This is quite simply one of the best things I have ever cooked. It goes right every single time and tastes so delicious I have served it on many occasions to guests. So incredibly tender, it falls apart in your hands. This recipe is not exactly time fast, it just does not require much of your time. It does cook for a few hours, but I can hang with that. It would be a perfect recipe if you want to make a bit of a jump away from usual cooking methods. 
 EVERYONE likes this recipe. I usually serve with red potatoes sauted with a bit of olive oil and rosemary. The potatoes soak up the yummy sauce created from the chicken.

It comes from the ever tenacious, America's Test Kitchen. 

French Chicken in a Pot

1 (4 1/2-5 lb) whole roasting chickens, giblets removed and discarded, wings tucked under back
2 teaspoons kosher salt (use 1/2 the salt for a kosher chicken) or 1 teaspoon table salt (use 1/2 the salt for a kosher chicken)
1/4 teaspoon ground black pepper
1 tablespoon olive oil
1 small onion, chopped medium (about 1/2 cup)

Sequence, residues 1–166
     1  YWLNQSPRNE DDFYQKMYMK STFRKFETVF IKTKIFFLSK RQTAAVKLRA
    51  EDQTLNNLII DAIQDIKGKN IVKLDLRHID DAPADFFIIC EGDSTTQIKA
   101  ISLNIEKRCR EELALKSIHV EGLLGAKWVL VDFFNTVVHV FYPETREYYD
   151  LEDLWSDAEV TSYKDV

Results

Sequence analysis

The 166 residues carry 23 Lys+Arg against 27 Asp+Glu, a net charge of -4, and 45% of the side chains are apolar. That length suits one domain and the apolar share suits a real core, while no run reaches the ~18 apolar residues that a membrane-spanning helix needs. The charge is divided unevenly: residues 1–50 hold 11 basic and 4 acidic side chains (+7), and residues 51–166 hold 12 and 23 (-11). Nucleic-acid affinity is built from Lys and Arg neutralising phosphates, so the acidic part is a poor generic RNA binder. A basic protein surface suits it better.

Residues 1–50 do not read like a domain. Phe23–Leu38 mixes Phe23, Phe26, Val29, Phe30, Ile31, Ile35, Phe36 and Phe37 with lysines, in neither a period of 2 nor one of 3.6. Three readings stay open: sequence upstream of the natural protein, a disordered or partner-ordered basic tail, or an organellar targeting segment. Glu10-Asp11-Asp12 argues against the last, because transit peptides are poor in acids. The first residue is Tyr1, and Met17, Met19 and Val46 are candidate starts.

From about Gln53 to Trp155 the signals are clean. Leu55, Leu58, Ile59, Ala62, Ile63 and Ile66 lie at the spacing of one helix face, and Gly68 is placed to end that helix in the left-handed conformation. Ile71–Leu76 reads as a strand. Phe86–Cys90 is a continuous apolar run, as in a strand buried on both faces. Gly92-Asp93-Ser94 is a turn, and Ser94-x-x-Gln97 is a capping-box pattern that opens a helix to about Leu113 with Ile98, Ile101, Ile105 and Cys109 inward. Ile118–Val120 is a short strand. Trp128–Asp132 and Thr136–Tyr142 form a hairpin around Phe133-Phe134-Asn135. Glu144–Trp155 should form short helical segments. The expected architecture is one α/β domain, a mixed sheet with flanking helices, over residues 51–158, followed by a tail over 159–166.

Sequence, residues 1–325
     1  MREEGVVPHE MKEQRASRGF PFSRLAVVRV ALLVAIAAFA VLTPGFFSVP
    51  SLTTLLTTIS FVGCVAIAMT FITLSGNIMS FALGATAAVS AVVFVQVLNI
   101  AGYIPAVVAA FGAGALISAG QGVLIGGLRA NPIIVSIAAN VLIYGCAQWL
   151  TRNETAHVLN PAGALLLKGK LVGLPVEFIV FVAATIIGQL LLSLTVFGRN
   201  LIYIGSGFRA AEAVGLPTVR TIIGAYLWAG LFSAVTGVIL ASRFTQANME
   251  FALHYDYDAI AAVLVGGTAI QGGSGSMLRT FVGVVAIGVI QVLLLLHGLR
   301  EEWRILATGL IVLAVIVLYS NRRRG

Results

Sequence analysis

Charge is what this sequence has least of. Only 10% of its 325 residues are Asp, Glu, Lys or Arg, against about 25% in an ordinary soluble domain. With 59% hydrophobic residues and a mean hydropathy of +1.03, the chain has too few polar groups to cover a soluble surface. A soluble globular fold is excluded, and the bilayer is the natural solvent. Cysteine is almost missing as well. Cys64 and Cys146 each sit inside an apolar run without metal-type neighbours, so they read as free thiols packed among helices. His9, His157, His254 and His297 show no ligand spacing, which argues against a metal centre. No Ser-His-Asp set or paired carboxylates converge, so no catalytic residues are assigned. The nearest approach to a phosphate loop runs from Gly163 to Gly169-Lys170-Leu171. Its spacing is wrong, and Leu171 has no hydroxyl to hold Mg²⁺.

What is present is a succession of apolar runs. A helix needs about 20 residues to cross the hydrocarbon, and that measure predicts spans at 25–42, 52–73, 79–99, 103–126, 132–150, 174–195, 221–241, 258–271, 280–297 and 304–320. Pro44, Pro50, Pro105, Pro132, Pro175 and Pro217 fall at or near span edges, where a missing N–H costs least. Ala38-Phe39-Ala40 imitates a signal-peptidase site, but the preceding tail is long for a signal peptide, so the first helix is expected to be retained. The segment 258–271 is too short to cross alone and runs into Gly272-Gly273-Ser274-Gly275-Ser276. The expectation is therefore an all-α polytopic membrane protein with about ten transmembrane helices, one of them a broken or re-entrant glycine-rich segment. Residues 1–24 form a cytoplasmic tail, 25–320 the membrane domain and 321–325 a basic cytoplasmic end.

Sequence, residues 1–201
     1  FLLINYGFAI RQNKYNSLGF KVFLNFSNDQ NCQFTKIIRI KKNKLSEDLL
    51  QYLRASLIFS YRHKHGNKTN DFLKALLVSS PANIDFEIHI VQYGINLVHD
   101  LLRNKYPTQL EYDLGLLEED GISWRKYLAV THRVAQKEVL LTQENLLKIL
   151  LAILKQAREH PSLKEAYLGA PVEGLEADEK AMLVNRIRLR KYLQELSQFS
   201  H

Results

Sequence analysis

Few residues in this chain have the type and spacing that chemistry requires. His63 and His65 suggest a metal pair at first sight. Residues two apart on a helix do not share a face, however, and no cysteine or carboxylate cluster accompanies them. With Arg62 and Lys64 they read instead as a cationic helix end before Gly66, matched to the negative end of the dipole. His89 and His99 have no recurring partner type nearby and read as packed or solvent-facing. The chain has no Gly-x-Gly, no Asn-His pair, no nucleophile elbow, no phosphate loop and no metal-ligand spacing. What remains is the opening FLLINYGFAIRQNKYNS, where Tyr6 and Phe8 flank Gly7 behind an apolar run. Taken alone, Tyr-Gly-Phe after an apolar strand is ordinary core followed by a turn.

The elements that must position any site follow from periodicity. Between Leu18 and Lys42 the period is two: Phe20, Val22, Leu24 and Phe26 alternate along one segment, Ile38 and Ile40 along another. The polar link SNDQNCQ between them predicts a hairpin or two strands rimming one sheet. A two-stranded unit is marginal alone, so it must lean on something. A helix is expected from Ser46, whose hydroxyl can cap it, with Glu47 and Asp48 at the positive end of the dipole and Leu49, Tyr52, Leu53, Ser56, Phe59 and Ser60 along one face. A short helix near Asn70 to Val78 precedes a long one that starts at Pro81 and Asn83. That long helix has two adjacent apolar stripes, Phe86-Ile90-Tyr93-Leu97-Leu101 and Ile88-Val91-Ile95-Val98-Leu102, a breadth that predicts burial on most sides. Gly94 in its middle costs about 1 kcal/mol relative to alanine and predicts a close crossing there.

1 small celery rib, chopped medium (about 1/4 cup)
6 medium garlic cloves, peeled and trimmed
1 bay leaf
1 medium fresh rosemary sprig (optional)
1/2-1 teaspoon lemon juice

1. Adjust oven rack to lowest position and heat oven to 250 degrees. Pat chicken dry with paper towels and season with salt and pepper.

2. Heat oil in large (5- to 8-quart) Dutch oven over medium heat until just smoking. Add chicken breast-side down; scatter onion, celery, garlic, bay leaf, and rosemary (if using) around chicken. Cook until breast is lightly browned, about 5 minutes. Using a wooden spoon inserted into cavity of bird, flip chicken breast-side up and cook until chicken and vegetables are well browned, 6 to 8 minutes.

3. Remove Dutch oven from heat; place large sheet of foil over pot and cover tightly with lid. Transfer pot to oven and cook until instant-read thermometer registers 160 degrees when inserted in thickest part of breast and 175 degrees in thickest part of thigh, 80 to 110 minutes.

4. Transfer chicken to carving board, tent with foil, and rest 20 minutes. Meanwhile, strain chicken juices from pot through fine-mesh strainer into fat separator, pressing on solids to extract liquid; discard solids (you should have about 3/4 cup juices). Allow liquid to settle 5 minutes, then pour into saucepan and set over low heat.

5. Carve chicken, adding any accumulated juices to saucepan. Stir lemon juice into jus to taste. Serve chicken, passing jus at table

Real Life Vs. Creative